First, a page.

In his first charge to his clergy in Australia in December 1829, Broughton spoke of the priest, as “ministers of Christ and stewards of the mysteries of God:a “ pledged by engagements so awful that every one of us by whom they are regarded with becoming seriousness must tremble, in [our] attempts to fulfil them, under a sense of [our] insufficiency”. Surely one of the great satisfactions and even inspirations of church history is realizing that others stood were we do now, contemplating the heavy spiritual lifts of the day, and realizing their own inadequacies but for the grace of God. Broughton went on in his charge to say that the only reason he could “with any degree of confidence undertake the duties with which I am here entrusted …was because of his “assured belief that God, whose Providence has guided my steps, will give me grace and power … faithfully to take the oversight of his church , and rightly to divide the word of truth unto all followers of Christ Jesus, our Lord”.
Today’s reading from Ephesians was surely one of the texts that Broughton was drawing on for this assurance. The Apostle Paul, so often accused of bombast and arrogance in our day, actually speaks of his profound dependence on the power of the gospel and the gift of grace to proclaim it. Our strength to get out of bed and put on the uniform, our faith in our vocations, our love for those who come to us for counselling – where could we find these things if they were not given to us by the Spirit? How terribly empty and tired we would be were we not “filled with all the fullest of God” (Eph 3.19).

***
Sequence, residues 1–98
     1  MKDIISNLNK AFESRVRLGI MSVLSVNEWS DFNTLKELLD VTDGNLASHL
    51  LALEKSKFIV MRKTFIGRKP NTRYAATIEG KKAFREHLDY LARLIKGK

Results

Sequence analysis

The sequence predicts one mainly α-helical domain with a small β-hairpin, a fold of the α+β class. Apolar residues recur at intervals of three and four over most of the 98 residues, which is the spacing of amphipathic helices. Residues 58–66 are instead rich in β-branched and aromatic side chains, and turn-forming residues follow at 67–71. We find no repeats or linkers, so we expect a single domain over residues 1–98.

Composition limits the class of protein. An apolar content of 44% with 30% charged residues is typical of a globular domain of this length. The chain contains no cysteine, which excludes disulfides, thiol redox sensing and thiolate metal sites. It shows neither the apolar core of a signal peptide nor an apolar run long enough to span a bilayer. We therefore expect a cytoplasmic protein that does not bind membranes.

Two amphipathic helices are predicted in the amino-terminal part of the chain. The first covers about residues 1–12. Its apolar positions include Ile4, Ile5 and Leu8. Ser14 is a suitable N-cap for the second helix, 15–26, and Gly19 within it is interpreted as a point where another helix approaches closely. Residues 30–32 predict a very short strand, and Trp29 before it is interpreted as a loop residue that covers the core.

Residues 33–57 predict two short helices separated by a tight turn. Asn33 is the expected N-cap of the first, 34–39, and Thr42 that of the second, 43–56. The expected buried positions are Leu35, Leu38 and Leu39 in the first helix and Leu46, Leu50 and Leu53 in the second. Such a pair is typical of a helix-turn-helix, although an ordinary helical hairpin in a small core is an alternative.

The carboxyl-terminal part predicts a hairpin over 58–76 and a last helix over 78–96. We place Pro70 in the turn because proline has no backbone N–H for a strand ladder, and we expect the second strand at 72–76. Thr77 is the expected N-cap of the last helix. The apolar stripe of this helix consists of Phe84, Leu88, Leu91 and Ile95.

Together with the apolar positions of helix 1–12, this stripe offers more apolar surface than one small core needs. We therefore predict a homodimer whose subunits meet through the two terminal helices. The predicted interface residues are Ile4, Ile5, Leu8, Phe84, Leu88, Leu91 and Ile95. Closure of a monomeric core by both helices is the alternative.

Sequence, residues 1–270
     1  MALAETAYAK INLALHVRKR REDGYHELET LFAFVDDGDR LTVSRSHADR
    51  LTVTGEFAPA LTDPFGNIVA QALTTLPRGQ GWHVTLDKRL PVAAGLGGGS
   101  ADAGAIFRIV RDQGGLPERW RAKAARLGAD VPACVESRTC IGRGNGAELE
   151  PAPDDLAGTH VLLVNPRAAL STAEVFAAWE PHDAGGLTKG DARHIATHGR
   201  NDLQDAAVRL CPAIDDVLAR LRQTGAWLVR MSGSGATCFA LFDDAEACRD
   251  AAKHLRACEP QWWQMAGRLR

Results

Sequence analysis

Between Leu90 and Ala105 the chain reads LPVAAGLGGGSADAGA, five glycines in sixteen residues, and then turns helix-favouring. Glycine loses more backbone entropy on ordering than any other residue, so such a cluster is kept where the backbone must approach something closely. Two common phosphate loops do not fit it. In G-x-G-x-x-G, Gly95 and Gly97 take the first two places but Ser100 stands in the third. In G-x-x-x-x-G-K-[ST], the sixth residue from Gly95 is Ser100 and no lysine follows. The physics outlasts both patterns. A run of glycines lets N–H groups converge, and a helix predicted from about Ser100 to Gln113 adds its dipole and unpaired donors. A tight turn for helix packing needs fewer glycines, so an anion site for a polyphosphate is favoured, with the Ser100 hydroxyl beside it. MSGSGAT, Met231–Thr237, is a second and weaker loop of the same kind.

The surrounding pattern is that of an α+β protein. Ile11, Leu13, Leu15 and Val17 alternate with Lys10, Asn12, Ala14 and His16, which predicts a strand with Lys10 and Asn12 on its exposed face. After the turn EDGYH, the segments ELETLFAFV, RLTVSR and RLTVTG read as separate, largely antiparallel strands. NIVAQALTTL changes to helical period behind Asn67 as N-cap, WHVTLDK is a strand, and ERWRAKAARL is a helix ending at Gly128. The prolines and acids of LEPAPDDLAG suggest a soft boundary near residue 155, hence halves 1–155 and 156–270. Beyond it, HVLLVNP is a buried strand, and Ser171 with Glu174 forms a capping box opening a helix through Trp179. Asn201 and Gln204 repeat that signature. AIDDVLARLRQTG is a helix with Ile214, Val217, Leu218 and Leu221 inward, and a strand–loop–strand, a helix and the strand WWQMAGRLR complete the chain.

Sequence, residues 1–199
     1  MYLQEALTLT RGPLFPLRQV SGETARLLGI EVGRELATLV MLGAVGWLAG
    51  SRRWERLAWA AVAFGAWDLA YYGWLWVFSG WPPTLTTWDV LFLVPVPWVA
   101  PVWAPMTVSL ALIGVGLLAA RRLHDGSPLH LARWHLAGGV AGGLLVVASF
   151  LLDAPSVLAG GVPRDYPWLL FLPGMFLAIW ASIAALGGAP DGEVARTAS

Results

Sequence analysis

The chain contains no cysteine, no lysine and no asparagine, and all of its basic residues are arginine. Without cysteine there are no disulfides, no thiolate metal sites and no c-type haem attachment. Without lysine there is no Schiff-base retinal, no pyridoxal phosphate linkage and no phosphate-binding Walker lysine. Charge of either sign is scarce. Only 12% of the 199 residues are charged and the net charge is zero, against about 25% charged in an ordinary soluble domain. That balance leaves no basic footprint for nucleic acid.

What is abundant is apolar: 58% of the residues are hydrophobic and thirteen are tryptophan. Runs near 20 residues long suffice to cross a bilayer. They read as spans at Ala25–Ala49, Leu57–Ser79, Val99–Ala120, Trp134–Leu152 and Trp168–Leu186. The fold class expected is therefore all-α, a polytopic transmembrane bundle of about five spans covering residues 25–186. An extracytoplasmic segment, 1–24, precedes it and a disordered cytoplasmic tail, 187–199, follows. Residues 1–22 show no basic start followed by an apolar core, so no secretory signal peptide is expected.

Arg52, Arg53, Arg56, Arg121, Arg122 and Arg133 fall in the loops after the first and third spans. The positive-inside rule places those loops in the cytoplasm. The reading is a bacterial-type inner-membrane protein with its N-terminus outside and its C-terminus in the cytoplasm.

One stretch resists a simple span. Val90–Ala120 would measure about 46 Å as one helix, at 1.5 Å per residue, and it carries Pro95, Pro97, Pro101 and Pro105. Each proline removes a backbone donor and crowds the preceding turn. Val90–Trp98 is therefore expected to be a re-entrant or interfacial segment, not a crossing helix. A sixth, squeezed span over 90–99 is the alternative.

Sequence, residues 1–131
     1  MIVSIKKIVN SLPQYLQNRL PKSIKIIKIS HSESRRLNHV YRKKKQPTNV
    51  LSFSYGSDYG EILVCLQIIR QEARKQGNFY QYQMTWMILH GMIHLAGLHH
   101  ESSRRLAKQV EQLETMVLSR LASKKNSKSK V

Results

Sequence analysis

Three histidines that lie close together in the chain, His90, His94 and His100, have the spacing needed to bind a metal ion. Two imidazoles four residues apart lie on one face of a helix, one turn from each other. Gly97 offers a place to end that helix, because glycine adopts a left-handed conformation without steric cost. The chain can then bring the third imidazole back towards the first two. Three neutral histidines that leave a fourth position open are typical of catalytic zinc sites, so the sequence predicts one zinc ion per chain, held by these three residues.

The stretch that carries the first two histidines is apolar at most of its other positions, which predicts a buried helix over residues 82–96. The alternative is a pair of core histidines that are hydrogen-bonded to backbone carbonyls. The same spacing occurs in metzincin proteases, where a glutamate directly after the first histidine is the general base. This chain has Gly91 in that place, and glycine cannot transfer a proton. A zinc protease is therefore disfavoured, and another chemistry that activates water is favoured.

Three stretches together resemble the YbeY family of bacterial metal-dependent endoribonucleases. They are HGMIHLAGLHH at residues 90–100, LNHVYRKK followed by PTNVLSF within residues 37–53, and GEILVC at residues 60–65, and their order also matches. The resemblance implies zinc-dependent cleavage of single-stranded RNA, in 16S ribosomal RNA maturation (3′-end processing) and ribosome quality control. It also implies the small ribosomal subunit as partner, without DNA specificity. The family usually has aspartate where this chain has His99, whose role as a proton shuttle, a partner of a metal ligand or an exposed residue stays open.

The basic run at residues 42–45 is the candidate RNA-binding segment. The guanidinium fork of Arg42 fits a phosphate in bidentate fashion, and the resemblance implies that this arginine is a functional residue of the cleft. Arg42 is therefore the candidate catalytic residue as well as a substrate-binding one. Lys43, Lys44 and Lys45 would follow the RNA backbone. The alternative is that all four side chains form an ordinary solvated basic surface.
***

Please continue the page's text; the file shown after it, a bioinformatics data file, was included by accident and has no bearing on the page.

In closing, let me fast forward from colonial Australia to very recent history, a hot afternoon in May in Hamilton as the church gathered to commend one of its own to God. Those of us privileged to be at the funeral of our brother Rob Fead heard Bishop Spence speak luminously of how Rob held up the light in the darkness, showing it to his parishioners, to his reserve regiment, to the friends and family of Nathan Cirillo, and to so many others. Rob was a strong man, but it was not his light, or his strength. It was the light of Christ, the love of God, and the strength of the Spirit that dwelled within Rob as gifts which enabled his remarkable ministry. Rob used them well, and now he has passed from our church to the church of the ages, to take his place with Broughton and Strachan and all the others, the heroic and the unlikely, who God has enabled and used for his good ends. So may it be said of us after our time, that God was able to accomplish in us “abundantly far more than all we [could] ask or imagine” and so “to [God] be glory in the church and in Christ Jesus to all generations, for ever and ever. Amen.”